What Native Americans Can Teach Us About The Idea Of Human Liberation

chakotay
High-tech ‘primitive communist’ Chakotay who even former Borg drone Seven of Nine fell in love with in the final season of Star Trek: Voyager

“What is this you call property? It cannot be the earth, for the land is our mother, nourishing all her children, beasts, birds, fish and all men. The woods, the streams, everything on it belongs to everybody and is for the use of all. How can one man say it belongs only to him?” -Massasoit

Human history has been bedevilled by the issue of ownership of the means of production.  It wasn’t always so.  Under the so-called “primitive communism”, there was no concept of ownership of the means of production, which was ‘the land’.  Primitive communists were the hunter gatherers and none of them ‘owned’ the forces that sustained them.  They just used them at will to sustain themselves.  If you think this is odd, it isn’t really.  Even in our society where virtually everything has been privatised, no-one owns ‘the sky’, yet we use it all the time.  Breathing is the first thing a baby does in the world.  Just as it would be weird to privatise the sky, Native Americans did not understand private ownership of ‘the land’, which to them was the entirety of their means of production.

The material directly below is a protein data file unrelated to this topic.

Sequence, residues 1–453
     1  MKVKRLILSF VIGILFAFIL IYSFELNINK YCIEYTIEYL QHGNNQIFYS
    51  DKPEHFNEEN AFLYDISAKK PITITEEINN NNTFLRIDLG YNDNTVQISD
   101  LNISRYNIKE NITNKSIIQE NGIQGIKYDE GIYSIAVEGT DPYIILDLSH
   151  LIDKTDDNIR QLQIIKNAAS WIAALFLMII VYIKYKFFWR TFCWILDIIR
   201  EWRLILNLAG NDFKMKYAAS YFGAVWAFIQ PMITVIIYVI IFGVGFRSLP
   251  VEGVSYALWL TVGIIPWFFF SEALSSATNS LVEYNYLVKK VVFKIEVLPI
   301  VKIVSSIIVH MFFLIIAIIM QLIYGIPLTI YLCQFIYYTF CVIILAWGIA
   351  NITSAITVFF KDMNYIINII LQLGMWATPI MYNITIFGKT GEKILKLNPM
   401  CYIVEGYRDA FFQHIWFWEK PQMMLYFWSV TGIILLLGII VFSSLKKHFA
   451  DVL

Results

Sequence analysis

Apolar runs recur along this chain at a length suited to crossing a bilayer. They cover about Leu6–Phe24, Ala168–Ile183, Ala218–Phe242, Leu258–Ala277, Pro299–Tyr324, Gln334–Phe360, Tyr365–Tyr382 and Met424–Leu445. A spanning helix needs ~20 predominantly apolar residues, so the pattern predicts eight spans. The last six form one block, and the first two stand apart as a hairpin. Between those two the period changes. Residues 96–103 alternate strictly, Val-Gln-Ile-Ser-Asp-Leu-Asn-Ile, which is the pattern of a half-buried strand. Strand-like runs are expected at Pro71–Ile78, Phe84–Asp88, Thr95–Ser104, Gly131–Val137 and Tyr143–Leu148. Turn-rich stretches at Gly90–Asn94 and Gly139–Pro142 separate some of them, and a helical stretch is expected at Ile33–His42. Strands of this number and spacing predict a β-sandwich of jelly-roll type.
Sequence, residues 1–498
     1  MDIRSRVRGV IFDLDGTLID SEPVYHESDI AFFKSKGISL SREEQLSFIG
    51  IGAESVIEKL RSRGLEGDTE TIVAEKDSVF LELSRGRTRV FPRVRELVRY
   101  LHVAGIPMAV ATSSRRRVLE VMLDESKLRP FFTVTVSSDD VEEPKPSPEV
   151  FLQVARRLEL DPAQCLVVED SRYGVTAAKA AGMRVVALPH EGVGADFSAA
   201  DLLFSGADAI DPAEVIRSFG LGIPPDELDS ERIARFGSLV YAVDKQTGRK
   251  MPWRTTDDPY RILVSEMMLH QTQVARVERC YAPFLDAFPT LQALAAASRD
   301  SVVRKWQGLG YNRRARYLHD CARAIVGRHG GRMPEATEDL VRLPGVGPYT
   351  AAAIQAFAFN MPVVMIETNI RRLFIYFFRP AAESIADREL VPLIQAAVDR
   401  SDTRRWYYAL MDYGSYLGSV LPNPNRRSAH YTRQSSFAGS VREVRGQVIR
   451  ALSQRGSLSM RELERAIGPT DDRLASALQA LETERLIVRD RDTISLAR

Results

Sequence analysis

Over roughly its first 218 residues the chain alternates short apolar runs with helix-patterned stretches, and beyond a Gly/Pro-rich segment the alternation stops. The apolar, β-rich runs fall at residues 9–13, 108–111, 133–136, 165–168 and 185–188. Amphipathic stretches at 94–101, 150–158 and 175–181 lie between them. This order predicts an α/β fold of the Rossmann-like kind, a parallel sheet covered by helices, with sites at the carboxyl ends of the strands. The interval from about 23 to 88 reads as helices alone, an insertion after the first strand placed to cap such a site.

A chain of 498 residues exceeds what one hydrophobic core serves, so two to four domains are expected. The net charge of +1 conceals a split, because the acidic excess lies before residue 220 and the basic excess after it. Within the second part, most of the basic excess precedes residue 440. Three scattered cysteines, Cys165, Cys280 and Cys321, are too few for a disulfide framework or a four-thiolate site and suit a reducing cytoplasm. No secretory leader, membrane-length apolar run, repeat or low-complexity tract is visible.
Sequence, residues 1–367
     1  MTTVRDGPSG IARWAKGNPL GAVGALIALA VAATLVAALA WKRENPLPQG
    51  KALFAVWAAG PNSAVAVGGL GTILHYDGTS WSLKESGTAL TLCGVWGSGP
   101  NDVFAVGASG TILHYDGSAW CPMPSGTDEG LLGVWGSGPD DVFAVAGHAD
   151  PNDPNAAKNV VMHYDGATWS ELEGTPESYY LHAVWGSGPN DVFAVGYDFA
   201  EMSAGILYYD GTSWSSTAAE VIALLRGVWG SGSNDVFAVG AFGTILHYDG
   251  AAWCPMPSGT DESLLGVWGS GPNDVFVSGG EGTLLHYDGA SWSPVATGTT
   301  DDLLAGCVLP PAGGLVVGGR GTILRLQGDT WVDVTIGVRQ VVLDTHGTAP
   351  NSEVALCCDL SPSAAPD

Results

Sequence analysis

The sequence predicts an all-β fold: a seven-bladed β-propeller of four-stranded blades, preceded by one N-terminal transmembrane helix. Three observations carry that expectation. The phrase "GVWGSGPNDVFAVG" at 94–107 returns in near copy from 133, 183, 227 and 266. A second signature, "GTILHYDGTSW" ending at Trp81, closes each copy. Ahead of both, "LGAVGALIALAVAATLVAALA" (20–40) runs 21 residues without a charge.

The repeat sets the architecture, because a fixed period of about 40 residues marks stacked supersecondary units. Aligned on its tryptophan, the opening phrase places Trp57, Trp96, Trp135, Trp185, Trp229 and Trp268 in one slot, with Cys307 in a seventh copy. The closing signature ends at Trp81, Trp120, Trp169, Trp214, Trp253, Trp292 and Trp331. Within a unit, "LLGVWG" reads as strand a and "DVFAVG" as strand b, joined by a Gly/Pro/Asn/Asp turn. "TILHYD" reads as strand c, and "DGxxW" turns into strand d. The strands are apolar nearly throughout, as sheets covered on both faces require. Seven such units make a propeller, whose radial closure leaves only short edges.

This blog does not argue we should go back to living in a hunter gatherer society.  It argues we have much to learn from these ancient ways, and that if only we could develop a new idea that no-one owns the now technologically advanced means of production, we’d be there – at the stage of total human emancipation.

There is now an abundance of evidence from Native American society before Europeans took it over that there was just no concept of ownership over the productive forces.  Although there was a matriarchal set up, this only meant the women who also took full part in work would encourage the men to hunt and gather.  The products of this primitive work were shared out according to who needed what, be it meat, clothing, or whatever.  This was smashed by bloodthirsty Europeans at the dawn of capitalism, servants of the new Empire of capital.  As researcher Mary Arnold says:

“Since Native American peoples had no concept of land ownership, the European invaders considered the land to be up for grabs. The Europeans used a variety of ways to gain control of the land. They used deception on Montezuma. They ignored Indian political practices by having a few Indians sell the lands. And when all else failed, the federal government passed laws to relocate the Indians and resorted to warfare if they resisted.”